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France to Receive Nearly 500 Iraqi Christian Refugees

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  • French Foreign Minister Bernard Kouchner
    (Photo: AP Images / Ali Yussef, Pool)
    French Foreign Minister Bernard Kouchner, left, shakes hands with Patriarch of the Chaldean Church Emmanuel III Delly during a meeting at the Green Zone in Baghdad, Iraq on Tuesday, Aug. 21, 2007. The French Foreign Minister, speaking from the shattered Iraqi capital, said Tuesday that it's time for France and the international community to move beyond Americans' past mistakes and help them solve Iraq's myriad woes.
By Eric Young, Christian Post Reporter
March 20, 2008|8:02 am

Nearly 500 Iraqi Christians may soon be taking refuge in France, according to reports Wednesday.

Foreign Minister Bernard Kouchner confirmed the plans in a joint television and radio interview, The Associated Press reported. He said he hoped the Iraqis, particularly from the Chaldean Catholic church, will be in France within weeks.

“No one” is taking in Iraqi Christians, Kouchner said, according to AP. The foreign minister noted that Paris has a community of Chaldeans.

In a speech he delivered late last year, Kouchner claimed that the tragedy of the Middle East Christians is “one of the most poorly understood.”

“I went to Iraq, a short while ago, and saw for myself the fate of the Chaldeans,” he recalled at a November 2007 symposium themed “What future for Middle East Christians?”

Kouchner, who was born to a Jewish father and Protestant mother, noted the drastic drop in the Iraqi Christian population – from about 1.1 million to about half a million.

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“Their persecution continues, daily, and the fact that, admittedly, they aren’t the only people being persecuted – certainly not in Baghdad or elsewhere in the country – doesn’t make it acceptable,” he stated, according to the Embassy of France in the United Kingdom.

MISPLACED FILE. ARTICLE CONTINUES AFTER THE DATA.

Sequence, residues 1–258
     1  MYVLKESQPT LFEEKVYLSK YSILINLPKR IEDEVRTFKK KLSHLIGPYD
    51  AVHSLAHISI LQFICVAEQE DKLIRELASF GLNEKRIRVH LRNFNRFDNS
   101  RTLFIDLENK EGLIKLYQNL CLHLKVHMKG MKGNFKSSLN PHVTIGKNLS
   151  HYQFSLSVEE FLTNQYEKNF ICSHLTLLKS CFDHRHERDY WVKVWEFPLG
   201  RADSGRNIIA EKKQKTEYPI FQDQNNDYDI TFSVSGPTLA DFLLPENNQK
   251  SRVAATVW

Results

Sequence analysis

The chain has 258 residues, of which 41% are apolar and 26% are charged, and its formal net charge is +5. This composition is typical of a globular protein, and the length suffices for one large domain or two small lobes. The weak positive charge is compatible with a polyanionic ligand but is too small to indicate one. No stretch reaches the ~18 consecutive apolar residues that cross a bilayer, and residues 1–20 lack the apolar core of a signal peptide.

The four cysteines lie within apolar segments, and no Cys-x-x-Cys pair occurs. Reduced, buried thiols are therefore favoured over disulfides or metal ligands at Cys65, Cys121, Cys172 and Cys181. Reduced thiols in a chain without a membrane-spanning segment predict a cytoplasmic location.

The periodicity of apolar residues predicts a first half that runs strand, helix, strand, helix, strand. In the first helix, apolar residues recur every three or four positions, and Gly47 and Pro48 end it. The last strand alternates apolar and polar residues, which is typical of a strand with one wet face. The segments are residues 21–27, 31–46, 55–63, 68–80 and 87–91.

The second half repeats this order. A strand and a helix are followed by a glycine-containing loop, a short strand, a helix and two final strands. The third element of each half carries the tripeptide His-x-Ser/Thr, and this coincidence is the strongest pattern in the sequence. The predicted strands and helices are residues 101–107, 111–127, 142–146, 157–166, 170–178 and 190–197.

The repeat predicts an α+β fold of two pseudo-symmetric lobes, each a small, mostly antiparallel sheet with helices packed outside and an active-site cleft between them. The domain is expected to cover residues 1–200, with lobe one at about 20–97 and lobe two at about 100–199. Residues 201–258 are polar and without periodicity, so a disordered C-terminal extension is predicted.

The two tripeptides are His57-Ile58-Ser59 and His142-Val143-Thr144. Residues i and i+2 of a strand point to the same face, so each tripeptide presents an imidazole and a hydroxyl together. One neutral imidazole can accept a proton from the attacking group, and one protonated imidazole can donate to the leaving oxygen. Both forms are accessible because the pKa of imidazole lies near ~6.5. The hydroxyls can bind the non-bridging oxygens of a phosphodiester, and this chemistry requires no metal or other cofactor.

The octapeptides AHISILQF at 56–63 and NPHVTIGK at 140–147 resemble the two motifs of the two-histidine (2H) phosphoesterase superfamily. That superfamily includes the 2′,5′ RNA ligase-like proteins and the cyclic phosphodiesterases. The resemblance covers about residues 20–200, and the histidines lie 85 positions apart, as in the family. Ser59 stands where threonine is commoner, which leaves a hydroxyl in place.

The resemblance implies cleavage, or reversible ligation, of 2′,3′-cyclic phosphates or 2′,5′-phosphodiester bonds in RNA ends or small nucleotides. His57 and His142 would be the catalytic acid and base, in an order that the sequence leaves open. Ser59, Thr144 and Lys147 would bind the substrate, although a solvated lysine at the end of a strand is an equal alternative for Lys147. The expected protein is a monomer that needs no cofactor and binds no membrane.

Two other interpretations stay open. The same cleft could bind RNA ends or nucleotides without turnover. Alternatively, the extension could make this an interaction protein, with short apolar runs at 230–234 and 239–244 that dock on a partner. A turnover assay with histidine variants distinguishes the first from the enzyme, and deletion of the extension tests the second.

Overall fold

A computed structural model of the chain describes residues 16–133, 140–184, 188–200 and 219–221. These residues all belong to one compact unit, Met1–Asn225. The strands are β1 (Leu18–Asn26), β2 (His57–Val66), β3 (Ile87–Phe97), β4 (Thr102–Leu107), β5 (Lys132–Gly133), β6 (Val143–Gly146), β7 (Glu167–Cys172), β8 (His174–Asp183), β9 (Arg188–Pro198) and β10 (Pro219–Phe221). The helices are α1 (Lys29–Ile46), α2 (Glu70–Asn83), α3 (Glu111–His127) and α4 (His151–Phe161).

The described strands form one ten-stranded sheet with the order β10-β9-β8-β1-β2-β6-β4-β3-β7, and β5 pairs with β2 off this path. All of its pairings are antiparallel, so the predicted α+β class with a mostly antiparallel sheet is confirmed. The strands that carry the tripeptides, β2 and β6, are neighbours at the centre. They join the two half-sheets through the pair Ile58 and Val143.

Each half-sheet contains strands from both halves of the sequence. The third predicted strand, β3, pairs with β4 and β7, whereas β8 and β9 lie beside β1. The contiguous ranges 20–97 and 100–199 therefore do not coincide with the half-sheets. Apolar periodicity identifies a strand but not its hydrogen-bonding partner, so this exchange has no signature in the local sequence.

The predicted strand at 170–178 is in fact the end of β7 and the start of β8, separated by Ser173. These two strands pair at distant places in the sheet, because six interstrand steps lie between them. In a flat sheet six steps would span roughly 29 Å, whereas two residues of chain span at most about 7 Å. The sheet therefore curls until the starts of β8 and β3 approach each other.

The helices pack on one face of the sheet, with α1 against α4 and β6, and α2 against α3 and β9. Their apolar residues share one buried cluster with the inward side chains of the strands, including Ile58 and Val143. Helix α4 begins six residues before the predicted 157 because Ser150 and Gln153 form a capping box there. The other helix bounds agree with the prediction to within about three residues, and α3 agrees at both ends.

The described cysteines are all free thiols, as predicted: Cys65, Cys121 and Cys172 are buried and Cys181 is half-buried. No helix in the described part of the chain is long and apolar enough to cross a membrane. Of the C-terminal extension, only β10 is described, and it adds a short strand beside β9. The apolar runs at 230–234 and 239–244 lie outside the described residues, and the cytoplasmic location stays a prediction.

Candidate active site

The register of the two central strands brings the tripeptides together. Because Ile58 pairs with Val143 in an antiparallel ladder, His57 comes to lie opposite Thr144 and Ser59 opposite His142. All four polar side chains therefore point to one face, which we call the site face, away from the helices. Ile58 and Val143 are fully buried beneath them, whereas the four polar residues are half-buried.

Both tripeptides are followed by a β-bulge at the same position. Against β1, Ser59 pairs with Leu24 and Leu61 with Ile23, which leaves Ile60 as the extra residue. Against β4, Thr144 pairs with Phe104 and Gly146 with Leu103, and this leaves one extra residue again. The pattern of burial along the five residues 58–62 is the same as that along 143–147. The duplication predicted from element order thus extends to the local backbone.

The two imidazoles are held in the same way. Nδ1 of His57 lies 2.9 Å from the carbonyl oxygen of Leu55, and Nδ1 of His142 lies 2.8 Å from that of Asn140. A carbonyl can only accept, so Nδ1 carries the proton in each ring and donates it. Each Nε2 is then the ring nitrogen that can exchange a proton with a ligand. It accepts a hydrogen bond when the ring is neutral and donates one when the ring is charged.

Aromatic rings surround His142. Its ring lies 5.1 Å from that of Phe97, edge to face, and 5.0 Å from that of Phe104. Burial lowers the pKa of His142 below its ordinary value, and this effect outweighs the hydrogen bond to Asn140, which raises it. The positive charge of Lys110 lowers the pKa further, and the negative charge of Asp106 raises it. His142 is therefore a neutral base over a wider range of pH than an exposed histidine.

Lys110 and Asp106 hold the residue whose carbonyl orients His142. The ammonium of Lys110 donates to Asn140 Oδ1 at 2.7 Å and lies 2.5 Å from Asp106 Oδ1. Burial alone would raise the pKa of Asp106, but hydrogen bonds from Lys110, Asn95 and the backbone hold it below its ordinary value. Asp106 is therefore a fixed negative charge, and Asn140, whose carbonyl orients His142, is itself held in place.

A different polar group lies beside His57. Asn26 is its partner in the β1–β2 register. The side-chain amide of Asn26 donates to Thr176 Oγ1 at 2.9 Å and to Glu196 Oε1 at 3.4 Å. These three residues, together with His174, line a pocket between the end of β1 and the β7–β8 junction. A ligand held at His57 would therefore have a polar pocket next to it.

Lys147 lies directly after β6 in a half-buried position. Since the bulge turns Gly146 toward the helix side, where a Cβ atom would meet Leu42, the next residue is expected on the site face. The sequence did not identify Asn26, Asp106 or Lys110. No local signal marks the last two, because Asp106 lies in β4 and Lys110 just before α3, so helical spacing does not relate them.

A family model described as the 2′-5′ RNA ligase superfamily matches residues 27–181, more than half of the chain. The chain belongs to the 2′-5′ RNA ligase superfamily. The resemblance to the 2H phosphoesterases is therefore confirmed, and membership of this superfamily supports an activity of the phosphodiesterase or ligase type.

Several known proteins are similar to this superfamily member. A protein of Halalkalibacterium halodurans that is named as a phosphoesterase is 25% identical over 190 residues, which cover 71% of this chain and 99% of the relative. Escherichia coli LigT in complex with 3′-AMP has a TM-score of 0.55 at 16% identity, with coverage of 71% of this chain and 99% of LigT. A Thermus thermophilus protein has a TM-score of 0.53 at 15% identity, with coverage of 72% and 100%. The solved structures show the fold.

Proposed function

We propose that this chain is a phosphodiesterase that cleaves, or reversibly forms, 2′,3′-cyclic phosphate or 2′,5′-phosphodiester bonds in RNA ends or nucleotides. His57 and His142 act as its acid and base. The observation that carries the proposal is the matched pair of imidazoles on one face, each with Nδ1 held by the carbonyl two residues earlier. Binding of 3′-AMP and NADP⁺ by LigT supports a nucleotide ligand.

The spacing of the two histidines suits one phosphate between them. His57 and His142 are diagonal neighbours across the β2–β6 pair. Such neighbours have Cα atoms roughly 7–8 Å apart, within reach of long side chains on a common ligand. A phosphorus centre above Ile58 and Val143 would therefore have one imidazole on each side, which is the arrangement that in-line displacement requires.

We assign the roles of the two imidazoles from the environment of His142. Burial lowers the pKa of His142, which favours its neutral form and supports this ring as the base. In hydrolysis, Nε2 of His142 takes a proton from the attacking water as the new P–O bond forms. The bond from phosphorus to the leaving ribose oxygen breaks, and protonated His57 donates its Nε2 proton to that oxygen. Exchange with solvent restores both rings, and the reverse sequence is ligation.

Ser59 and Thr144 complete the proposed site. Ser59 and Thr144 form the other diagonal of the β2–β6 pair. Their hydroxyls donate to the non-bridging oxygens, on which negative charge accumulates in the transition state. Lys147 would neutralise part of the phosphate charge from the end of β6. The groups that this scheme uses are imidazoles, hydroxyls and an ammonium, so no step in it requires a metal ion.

“They are especially targeted. I realized this and am going to try, at my small scale, and remedy it.”

Christians have always been a minority in Iraq, making up only about three percent of the country’s population before the U.S.-led offensive in 2003. But their numbers plummeted thereafter as Iraqi Christians were more frequently targeted by Islamic extremists who falsely associate them with the West and U.S. forces, believing that since America and the West are “Christian” nations then Iraqi Christians must be their allies.

“The situation continues to grow grimmer for the targeted minority Christian community in Iraq,” commented Carl Moeller, president/CEO of the persecution watchdog group Open Doors USA, in a statement prepared for the fifth anniversary of the Iraq war. “Pray that 2008 will be the year when the violence will decrease and Christians will not be killed and kidnapped simply for their belief in Christ.”

According to Kouchner, there were already around 7,000 Iraqi refugees in France as of November 2007.

 

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